Courtesans and Tantric Consorts: Sexualities in Buddhist Narrative, Iconography and Ritual

By Serinity Young | Go to book overview

CHAPTER 7

COURTESANS IN BUDDHIST LITERATURE

The conversion of a courtesan is a popular motif in Buddhist literature, 1 one that provides dramatic impact. The presence of a beautiful courtesan demonstrates the Buddha's utter indifference to the sexual charms of women, since a rich and successful courtesan will be the most attractive of women. 2 This suggests to the male audience that they, too, should be beyond such attractions. At the same time, though, these stories about courtesans and ascetics still retain their associations with the power and auspiciousness of female sexuality. In Buddhist literature courtesans act as lightning rods for Buddhist teachings about sexuality, the nature of women, and the impermanence of the body. 3 The central obstacle to the Buddhist path of renunciation and the main cause of human suffering is desire, and courtesans are experts in desire-the male desire of their customers and their own greed. Indian literature represents the courtesan as one ruled by desire, both for sex and wealth, whose primary goal is to arouse desire in others. 4 When courtesans are converted, they reinforce the Buddhist teaching that all people can become Buddhists, even great sinners, and that not only women but even the worst women can be equal practitioners. Moreover, some converted courtesans also maintain their auspicious powers of fecundity.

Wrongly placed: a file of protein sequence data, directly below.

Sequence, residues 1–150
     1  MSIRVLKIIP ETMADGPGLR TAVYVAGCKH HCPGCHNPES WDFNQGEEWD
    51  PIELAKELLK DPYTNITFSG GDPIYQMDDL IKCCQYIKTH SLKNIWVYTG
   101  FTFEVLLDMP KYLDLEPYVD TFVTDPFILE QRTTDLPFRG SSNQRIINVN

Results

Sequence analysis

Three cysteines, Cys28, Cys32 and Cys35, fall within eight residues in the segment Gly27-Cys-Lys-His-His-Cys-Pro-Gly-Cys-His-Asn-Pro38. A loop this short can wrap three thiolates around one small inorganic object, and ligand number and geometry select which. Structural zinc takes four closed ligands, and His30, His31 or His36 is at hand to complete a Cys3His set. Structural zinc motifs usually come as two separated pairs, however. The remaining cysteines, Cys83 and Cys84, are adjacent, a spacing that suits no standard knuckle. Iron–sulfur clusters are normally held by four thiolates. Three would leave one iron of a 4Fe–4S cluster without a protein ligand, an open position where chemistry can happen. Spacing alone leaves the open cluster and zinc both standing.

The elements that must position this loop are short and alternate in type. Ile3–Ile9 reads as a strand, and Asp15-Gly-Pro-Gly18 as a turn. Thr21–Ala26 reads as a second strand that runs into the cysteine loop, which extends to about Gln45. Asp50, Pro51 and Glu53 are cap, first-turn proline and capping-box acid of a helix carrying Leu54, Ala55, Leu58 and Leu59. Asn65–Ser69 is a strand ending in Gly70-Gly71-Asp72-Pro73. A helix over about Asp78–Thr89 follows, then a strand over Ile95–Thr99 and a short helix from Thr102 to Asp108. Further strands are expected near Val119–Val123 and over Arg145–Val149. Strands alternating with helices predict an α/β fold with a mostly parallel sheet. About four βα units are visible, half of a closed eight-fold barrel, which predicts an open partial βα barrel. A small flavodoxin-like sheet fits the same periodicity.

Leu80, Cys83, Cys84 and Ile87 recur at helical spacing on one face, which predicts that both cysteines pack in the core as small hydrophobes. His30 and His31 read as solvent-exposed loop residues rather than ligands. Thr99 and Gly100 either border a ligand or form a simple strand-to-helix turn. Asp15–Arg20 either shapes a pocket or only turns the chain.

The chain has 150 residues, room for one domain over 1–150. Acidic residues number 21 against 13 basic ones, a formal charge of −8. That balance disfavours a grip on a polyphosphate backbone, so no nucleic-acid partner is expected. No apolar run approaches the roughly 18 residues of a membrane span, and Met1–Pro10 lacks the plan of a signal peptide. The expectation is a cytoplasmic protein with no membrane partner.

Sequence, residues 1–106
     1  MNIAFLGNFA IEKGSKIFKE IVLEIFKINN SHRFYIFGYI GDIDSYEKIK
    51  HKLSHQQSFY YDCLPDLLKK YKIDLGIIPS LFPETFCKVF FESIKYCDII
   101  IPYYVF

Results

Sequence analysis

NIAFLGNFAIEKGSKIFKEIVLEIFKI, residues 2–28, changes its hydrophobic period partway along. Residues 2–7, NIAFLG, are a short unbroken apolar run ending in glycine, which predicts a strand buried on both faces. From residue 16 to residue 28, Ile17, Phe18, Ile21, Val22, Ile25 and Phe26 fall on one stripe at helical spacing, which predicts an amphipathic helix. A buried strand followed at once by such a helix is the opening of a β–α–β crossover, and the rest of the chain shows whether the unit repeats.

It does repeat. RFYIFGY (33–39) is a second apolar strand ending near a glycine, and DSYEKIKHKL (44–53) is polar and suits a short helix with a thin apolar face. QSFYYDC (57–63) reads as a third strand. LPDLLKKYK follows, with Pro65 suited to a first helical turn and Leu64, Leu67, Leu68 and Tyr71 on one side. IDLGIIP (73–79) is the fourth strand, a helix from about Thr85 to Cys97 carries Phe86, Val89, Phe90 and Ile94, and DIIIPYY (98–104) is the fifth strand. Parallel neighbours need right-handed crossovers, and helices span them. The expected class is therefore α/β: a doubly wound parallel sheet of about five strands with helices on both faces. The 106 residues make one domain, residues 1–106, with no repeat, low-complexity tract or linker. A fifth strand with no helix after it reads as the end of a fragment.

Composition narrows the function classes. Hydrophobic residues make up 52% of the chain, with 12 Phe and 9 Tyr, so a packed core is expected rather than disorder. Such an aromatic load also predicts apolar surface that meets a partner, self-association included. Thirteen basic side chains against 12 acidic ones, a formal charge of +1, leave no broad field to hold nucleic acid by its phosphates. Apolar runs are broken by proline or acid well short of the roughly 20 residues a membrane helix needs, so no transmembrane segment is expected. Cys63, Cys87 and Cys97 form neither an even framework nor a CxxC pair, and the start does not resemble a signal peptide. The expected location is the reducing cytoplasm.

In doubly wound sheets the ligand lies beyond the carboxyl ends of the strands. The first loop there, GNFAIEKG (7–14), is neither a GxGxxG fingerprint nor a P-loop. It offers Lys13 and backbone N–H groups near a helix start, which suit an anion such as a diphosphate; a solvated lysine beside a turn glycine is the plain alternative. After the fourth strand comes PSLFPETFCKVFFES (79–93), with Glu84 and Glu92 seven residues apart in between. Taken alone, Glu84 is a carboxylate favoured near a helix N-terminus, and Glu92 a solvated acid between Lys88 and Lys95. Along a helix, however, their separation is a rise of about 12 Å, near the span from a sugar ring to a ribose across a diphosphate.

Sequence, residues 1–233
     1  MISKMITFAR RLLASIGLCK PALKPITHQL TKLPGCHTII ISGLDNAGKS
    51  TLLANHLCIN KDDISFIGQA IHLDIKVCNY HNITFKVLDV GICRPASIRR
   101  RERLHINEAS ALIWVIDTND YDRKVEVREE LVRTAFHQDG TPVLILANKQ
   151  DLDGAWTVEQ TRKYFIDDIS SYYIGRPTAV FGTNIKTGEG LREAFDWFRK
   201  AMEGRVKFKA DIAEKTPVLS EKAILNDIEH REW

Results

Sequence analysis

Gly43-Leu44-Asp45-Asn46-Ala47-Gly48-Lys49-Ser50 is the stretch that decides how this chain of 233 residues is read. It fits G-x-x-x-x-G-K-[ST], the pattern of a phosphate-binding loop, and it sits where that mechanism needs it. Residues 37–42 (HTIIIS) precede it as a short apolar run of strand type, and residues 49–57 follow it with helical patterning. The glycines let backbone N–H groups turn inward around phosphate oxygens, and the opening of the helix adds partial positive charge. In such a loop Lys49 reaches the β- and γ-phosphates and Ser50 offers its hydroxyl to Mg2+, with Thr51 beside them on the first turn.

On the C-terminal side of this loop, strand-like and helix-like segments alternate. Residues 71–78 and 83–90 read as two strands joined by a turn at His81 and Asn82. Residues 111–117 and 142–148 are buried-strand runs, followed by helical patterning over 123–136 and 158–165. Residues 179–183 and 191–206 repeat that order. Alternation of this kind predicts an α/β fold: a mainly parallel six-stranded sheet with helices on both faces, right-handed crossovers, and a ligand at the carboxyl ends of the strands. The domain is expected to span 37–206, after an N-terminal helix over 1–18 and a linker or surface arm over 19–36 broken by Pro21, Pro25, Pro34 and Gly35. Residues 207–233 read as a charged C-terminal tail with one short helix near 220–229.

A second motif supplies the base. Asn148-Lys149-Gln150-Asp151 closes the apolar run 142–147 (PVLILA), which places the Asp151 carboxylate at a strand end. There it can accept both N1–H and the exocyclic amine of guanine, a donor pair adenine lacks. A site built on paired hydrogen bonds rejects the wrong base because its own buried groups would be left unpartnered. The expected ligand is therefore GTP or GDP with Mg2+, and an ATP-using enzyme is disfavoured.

ŚYÃMÃ JÃTAKA

In one of his past lives the Buddha was involved with a courtesan. In this tale from the MV (II.162-70), the Śyāmā Jātaka, the Buddha is a

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Courtesans and Tantric Consorts: Sexualities in Buddhist Narrative, Iconography and Ritual
Table of contents

Table of contents

  • Advance Praise for Courtesans and Tantric Consorts ii
  • Title Page iii
  • Contents vii
  • Illustrations xi
  • Acknowledgments xiii
  • Abbreviations xvii
  • Note on Transliteration xix
  • Introduction xxi
  • Chapter 1 - Rejection and Reconciliation 3
  • Part II - Parents and Procreation 21
  • Chapter 2 - Mothers and Sons 23
  • Chapter 3 - Medical Excursus 57
  • Chapter 4 - Fathers and Heirs 67
  • Part III - Sexualities 81
  • Chapter 5 - Wives and Husbands 83
  • Chapter 6 - South Asian Courtesans 105
  • Chapter 7 - Courtesans in Buddhist Literature 121
  • Chapter 8 - Tantric Consorts: Introduction 133
  • Chapter 9 - Tantric Consorts: Tibet 149
  • Chapter 10 - The Traffic in Women 165
  • Chapter 11 - Women, Men, and Impurity 179
  • Chapter 12 - Sex Change 191
  • Chapter 13 - Other Lands/Other Realities 211
  • Conclusion 231
  • Bibliography 233
  • Index 249
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